Innovator and investor Joi Ito on setting a course through change

How to adapt — and thrive — in a time of ever-evolving connectivity

Joi Ito

Joichi “Joi” Ito is perhaps best known as a successful Internet entrepreneur, venture capitalist, and activist. In 2011, he became the fourth director of the MIT Media Lab, a celebrated multimedia and technology research laboratory at the Massachusetts Institute of Technology in Cambridge, Massachusetts. For more than three decades, the Media Lab has incubated the minds behind some of the most widely used technology tools, including e-ink and low-cost laptops.


Whiplash cover


As technology and connectivity continue to change ever more rapidly, Ito laid out nine core, practice-driven principles to guide the Lab’s continued innovation. With Wired reporter Jeff Howe, he’s put those principles into a book. Whiplash: How to Survive Our Faster Future is a sort of survival guide for tumultuous times of great invention and imagination, built on fascinating case studies and research and peppered with philosophy.

In a recent interview with Slack, Ito elaborated on some of his favorite themes in the book, including why disobedience can lead to Nobel Prize-level discoveries and why collaborative projects like Wikipedia are a lot like filmmaking.

Slack: You write, “Of all the nine principles in the book, compasses over maps has the greatest potential for misunderstanding.” What do you mean by that?

Ito: Making maps is a long and very expensive process, and the idea of compasses over maps is that one should have a goal, vision, or long-term, detailed plan, especially as the world is complex and always changing.

Somebody once told me a story about a film director who said that the difference between a great and a not-great film is that you have an image of what the movie is in your head. When everyone reads a script, everyone can imagine a completely different movie.

A great director’s job is making sure that everyone on set is making the same movie in their heads, whether it’s a craft services person, a driver, or the director of photography. That’s the idea of the compass. It’s that we know where we’re all trying to go.

You can also look at Wikipedia, an organization with neutrality as a stated goal. The community believes and buys into the organization’s whole ideology, but it also allows individuals to all do different things while those values hold the entire project together.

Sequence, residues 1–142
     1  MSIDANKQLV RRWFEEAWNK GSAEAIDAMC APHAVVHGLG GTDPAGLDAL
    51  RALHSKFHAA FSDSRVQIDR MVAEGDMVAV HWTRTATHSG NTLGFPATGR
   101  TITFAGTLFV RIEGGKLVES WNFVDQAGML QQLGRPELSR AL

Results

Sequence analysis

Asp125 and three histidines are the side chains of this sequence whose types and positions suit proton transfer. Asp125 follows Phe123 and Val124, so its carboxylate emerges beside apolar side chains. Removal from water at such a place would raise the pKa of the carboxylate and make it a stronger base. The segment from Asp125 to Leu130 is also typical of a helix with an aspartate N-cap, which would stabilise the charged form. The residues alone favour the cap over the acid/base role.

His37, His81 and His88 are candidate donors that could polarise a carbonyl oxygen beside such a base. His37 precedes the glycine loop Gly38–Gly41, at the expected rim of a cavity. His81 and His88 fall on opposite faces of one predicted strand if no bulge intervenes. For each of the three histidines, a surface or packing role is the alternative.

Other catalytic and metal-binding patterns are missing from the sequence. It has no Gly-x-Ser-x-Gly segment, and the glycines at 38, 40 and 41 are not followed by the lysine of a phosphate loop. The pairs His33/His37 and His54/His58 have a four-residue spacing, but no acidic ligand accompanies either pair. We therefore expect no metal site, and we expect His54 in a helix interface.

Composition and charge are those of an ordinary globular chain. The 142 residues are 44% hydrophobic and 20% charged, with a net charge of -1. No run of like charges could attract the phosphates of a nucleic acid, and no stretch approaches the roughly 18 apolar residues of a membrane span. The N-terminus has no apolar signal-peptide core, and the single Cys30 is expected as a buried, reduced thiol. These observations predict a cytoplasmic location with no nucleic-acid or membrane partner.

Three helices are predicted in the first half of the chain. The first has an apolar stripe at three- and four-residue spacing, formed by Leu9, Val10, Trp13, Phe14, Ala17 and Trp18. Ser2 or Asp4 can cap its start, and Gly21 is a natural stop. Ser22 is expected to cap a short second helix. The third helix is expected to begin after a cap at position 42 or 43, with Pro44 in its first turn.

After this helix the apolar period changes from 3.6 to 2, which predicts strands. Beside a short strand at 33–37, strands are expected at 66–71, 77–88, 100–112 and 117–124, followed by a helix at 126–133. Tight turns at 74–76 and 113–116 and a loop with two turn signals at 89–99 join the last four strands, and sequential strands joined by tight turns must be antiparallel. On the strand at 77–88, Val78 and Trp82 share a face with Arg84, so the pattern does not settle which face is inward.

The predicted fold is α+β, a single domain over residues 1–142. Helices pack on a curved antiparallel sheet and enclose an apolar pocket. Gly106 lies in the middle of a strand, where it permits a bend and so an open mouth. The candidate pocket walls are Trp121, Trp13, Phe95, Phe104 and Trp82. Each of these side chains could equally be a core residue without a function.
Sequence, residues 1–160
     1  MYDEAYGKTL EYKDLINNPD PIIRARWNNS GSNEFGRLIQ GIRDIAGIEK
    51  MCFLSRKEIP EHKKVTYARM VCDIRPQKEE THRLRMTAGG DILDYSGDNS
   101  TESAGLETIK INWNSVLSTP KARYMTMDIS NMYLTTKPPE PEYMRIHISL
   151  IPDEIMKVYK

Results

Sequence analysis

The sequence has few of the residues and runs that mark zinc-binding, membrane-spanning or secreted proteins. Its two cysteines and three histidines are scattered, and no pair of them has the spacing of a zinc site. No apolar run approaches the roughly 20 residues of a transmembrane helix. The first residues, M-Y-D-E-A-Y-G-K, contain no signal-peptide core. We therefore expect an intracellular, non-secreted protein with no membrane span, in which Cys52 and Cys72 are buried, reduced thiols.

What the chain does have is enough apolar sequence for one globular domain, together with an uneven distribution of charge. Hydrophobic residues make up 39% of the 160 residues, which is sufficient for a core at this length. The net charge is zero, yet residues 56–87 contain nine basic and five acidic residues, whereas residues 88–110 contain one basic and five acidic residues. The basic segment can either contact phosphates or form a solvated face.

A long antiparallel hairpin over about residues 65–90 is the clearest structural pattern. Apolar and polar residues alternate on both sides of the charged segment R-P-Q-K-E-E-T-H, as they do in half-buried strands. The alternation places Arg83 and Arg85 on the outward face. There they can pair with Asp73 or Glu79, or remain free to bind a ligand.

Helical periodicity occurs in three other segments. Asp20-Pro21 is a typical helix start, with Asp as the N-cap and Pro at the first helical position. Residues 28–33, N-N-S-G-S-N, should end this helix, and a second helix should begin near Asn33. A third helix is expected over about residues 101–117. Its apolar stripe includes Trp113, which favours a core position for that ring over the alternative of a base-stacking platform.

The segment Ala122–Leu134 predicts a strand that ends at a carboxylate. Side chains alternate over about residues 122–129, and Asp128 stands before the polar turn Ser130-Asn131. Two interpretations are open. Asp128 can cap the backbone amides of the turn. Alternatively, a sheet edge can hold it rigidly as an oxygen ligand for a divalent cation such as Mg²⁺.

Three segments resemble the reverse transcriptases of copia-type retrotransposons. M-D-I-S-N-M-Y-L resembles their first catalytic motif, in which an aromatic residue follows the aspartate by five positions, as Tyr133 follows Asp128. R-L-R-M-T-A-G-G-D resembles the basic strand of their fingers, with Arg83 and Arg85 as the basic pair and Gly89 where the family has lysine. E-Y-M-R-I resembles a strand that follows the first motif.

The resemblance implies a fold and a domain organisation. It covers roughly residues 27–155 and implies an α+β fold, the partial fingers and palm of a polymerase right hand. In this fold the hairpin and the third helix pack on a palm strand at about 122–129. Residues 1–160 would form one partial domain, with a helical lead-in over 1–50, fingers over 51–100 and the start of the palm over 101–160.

A lot of organizations and traditional, industrial-age institutions have been about plans, structures, and preparation, but we’re all aware that agility, speed, and the ability to pull from a network is much more important in order to all make the same movie.


[Author and educator] Peter Drucker said, “Culture eats strategy for breakfast.” I love that quote because that’s what I’m saying in a slightly different way. You can have all the strategy in the world, but unless your culture points in the right direction, you won’t go anywhere.<br />


Slack: How is the principle of compasses over maps relevant in the workplace?

Ito: Compasses is really a high-level way of saying values, and maps are like architects or plans. Values are reflected in culture, as well as in plans.

[Author and educator] Peter Drucker said, “Culture eats strategy for breakfast.” I love that quote because that’s what I’m saying in a slightly different way. You can have all the strategy in the world, but unless your culture points in the right direction, you won’t go anywhere.

Plans used to work a lot better, by the way! That’s the point of the book. When we all followed Euclidian methods, we could plan better. Now we have things like agile software development, for example, in which you might have a general goal or direction, but you don’t know exactly what you’re doing until you’re testing and iterating.

Constant questioning is also supposed to be built into science, but it isn’t always applied. For a while, people will think we know everything about bacteria, but suddenly, it’ll turn out that we’re wrong. There are areas where we put things to bed for a while, but that’s also where people win Nobel Prizes, in areas where people stopped questioning.

Slack: In the chapter about disobedience over compliance, you use the phrase “You don’t win a Nobel Prize by doing as you’re told.” What’s your definition of responsible disobedience, or what you describe as disobedience with a conscience?

Ito: It’s often difficult to figure out if disobedience is bad at the time it’s taking place. The people behind the Boston Tea Party? They didn’t know either way. In retrospect, we celebrate them and what they did.

Disobedience is a risky business. But if not for disobedience, we wouldn’t have discovered the theory of relativity, or that the Earth rotates around the sun, and we wouldn’t have had the civil rights movement. Disobedience is like evolution. Democracy, science, and law depend on people to be disobedient so that we can continue to evolve and adapt to the times. Disobedience is not automatically a net positive. It’s a painful thing, but we gotta do it, or we’re gonna stagnate.


Brittany Shoot briefly worked as an assistant in the Media Lab during grad school.


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